BUSHNELL ON THE BOOKS: “Take it Easy” and “Winter Wolves”

TAKE IT EASY: PORTLAND IN THE 1970s by John Duncan; Islandport Press, 2021; 124 pages, $19.95; ISBN 978-1-952143-20-5.

TAKE IT EASY: PORTLAND IN THE 1970s

Journalist Joseph Gallivan wrote, “Old hippies don’t die, they just keep quiet until the laughter stops and their time comes. And for old hippie photographer John Duncan, the time has come.

“Take it Easy” is Portland photographer Duncan’s debut book, a nostalgic photographic essay of Portland in the 1970s, a decade of mixed past and future, seen by a street photographer with a Canon camera that used the real film (remember that?).

The book contains over 130 black-and-white photographs taken by “a free spirit in his twenties with no formal photographic training”, capturing stunning images of people, places and events, all taken from life in walking or driving a taxi downtown.

Duncan loves photography, was self-taught as a teenager in high school, has a keen sense of subject, timing and clarity, and his photos can easily make people see themselves on Congress Street, or leaning against a VW bus. with hippie buddies around. The photos are gorgeous, but his story and captions are equally revealing and entertaining. It soon becomes clear that this effort is not just a photographic history of Portland in the 70s, but a personal journey of good memories, most fun, a little bittersweet.

Street scenes show downtown Portland in a sad transition of decline and decay, old businesses long gone but fun to remember, like the Porteous department store and the Senior Citizens Barber Shop. The fashion is reminiscent of frumpy old ladies wearing hats and gloves, and hippies with long hair, bell bottoms and paisley shirts.

During the 1970s, Duncan partied (alcohol, drugs, music), worked odd jobs as a dishwasher, gas station attendant, and taxi driver, and his stories are nostalgic memories of good times. This is his journey, as well as an important return on ourselves.

WINTER WOLVES: A ROAMER WESTERN by Matthew P. Mayo; Five Star Edition, 2021; 239 pages, $25.95; ISBN 978-1-4328-8732-2.

WINTER WOLVES: A WESTERN ROAMER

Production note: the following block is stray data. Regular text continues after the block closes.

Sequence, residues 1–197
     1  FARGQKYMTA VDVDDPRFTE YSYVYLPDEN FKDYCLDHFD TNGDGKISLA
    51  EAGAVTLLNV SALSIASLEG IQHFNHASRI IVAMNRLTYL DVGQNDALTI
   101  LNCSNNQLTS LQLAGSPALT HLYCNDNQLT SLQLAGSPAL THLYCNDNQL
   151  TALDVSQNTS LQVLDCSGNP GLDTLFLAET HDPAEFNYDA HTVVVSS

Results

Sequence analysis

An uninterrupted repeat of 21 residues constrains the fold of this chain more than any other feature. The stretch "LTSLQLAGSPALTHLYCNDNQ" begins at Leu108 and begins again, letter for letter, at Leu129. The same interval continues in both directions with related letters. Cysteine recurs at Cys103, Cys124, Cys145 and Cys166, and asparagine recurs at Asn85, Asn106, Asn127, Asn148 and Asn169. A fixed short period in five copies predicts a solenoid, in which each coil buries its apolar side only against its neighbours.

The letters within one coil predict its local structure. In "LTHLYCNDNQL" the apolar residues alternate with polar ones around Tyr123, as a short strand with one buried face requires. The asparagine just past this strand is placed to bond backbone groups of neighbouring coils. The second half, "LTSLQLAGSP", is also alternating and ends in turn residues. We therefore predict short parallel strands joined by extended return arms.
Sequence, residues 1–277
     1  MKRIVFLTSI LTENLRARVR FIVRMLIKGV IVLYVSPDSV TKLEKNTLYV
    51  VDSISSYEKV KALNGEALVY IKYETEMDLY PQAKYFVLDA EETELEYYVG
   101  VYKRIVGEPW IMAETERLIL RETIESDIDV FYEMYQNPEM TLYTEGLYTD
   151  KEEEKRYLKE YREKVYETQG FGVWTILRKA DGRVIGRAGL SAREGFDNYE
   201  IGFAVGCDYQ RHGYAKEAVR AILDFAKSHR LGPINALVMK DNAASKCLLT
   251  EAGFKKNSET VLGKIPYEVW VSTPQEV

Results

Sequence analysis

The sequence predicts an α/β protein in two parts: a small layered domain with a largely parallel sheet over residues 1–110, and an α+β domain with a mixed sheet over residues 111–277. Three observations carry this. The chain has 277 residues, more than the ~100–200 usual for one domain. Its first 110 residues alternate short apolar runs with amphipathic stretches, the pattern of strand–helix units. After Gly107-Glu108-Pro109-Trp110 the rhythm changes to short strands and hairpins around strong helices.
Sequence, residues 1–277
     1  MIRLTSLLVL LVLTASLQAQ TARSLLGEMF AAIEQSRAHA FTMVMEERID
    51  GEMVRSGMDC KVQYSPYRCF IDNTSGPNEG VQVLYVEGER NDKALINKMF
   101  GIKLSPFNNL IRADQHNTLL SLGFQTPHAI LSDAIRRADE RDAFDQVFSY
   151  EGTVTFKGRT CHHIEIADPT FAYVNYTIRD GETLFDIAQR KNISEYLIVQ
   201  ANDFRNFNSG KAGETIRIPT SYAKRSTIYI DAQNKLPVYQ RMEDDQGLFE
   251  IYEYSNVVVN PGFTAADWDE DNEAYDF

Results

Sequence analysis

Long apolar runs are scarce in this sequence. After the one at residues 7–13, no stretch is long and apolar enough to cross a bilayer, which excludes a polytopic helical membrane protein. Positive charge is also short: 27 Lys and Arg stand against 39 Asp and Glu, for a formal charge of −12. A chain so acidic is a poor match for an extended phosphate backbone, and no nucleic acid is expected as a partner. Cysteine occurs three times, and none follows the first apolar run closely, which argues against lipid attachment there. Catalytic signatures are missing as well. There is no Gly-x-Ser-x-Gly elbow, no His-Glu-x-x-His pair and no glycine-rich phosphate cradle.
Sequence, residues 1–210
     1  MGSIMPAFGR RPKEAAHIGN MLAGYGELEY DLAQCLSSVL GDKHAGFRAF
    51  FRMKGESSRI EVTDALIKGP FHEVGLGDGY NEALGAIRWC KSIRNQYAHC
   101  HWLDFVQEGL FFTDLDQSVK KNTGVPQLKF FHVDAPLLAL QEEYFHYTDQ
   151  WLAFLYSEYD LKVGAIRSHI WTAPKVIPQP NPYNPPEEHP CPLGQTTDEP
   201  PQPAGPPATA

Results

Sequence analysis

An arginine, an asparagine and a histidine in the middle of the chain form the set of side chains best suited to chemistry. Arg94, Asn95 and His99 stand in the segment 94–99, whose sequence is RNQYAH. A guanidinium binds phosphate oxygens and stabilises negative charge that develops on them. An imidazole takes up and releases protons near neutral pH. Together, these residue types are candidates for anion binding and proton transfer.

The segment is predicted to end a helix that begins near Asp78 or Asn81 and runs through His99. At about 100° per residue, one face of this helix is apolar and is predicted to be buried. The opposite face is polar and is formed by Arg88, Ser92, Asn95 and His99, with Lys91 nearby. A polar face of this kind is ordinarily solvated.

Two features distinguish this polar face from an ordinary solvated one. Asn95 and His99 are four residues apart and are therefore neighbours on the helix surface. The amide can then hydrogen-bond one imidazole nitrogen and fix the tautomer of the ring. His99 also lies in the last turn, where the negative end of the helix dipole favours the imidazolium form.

Journalist Katherine Whitehorn (1928-2021) wrote, “I wouldn’t say when you’ve seen a western you’ve seen the lot; but when you’ve seen the lot, you feel like you’ve seen one. She could have said the same about Western novels, but she probably never read anything by Matthew Mayo.

The Maine Mayo writer is the Spur Award-winning author of 18 westerns, four of them in his unique Roamer series, including his latest “Winter Wolves.” And Mayo is smart – the Roamer character is distinctive and his western adventures aren’t typical hay burners. This series is different and Mayo nails it with solid and entertaining storytelling.

Roamer is the name of the main character as well as an apt description of his lifestyle. He’s tall, ugly, well-armed, reads poetry, has only two friends, and thinks it’s much easier to get along with animals than humans. He prefers his own company. In “Winter Wolves”, Roamer travels to the Bitterroot Mountains of Montana to visit his friend Maple Jack and his companion Winter Woman. Roamer plans to sightsee a bit and then hike up the mountains on snowshoes – a thoughtful, solitary journey.

In his friends’ remote cabin, Roamer finds evidence of abuse and the two friends are missing. Roamer may seem like a softie, but it’s not. He follows tracks in the snow without realizing that he is no longer the hunter: he is the prey. An avalanche and a wolf attack leave him in bad shape, but it will get much worse.

What he discovers is difficult for him to understand, but he knows he must get away and fast. However, complications arise, especially when killer wolf hunters show up and start shooting. Some of the story is far-fetched, but Mayo pulls it off with a colorful story of people trying their best.

Bill Bushnell lives and writes in Harpswell.

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